Student Meredith Bain is a 2018 recipient of the highly-regarded Udall Scholarship, an award that recognizes undergraduates for their leadership, public service and commitment to issues related to Native American nations or to the environment.
Bain, a junior majoring in German studies and mathematics, is president of NC State’s chapter of the Climate Reality Project Campus Corps, a group that advocates for clean energy and sustainable solutions on college campuses. Under Bain’s leadership, the organization recently submitted a proposal to shift the campus’ electricity usage to renewables from fracked gas.
Bain also serves as an executive committee student representative with the Sierra Club’s Capital Group and works as an activist with The Dogwood Alliance. In addition, she has been active with the Student Government Sustainability Department, participated in the Women of Welch Living and Learning Village, conducted undergraduate research, and tutored math for grades K-12 for over two years.
This summer, Bain will travel to Ingolstadt, Germany, where she will use statistical programming to model the city’s carbon dioxide emissions during an internship with the local municipal government. She plans to earn a law degree with a concentration in energy law and aims to reach a career goal of establishing renewables as North Carolina’s primary source of energy.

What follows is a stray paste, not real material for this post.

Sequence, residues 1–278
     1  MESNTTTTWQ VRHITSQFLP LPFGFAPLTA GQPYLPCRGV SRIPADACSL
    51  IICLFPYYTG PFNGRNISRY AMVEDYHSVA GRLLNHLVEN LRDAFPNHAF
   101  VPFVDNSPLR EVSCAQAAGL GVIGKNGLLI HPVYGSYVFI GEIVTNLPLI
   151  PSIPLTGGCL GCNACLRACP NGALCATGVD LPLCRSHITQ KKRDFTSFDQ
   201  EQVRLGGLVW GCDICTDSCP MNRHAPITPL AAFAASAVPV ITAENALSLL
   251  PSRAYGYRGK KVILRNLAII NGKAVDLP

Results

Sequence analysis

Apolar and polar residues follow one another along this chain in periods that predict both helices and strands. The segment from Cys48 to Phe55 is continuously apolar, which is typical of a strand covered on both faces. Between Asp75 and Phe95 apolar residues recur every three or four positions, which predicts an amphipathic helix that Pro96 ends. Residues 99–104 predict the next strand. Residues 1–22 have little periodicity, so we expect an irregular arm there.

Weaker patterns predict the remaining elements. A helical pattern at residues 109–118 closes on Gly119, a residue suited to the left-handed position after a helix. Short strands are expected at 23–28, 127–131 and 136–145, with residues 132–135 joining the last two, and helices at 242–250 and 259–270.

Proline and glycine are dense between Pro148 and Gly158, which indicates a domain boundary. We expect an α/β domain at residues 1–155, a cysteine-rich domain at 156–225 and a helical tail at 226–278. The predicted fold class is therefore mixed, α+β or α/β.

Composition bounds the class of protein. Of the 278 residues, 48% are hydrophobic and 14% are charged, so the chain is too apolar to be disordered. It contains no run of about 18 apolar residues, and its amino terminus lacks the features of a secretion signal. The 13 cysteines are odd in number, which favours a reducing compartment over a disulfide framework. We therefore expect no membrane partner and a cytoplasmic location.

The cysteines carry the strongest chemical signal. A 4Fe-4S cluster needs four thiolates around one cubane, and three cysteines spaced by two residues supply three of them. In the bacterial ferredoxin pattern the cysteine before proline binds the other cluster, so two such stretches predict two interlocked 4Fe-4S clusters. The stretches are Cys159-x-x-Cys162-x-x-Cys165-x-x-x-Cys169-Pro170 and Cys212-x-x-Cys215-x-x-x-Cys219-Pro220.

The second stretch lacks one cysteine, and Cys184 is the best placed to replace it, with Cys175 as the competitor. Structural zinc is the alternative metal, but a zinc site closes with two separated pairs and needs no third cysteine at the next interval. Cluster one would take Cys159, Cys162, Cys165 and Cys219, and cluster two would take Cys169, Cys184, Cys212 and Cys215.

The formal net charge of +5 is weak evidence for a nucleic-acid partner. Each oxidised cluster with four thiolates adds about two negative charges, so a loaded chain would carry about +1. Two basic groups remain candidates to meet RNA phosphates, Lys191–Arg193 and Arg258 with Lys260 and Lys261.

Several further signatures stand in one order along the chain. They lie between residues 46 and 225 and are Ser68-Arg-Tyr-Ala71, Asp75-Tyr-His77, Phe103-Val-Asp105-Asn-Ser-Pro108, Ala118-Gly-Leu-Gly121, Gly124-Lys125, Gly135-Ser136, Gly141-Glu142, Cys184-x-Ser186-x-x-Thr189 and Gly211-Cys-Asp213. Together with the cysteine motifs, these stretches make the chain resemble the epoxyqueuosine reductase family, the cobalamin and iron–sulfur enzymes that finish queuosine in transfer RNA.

The Udall Scholarship honors the legacies of Morris Udall and Stewart Udall, whose careers had a significant impact on Native American self-governance, health care and the stewardship of public lands and natural resources, according to the program’s website. This year, 50 Udall Scholars were selected from 437 candidates at 209 colleges and universities. Each scholarship provides up to $7,000 for the recipient’s junior or senior year.
Bain is NC State’s 15th Udall Scholar.
“Learning about [Stewart] Udall’s work reinforced my sense of the urgency of promoting renewable energy, but it also encouraged me to see the extent to which renewable technologies have progressed since [his] time,” Bain says. “He spent his career advocating for the research to develop the affordable solar and wind technologies on the market today, and it is awesome to think that the work I want to do will build upon his success by implementing those technologies.”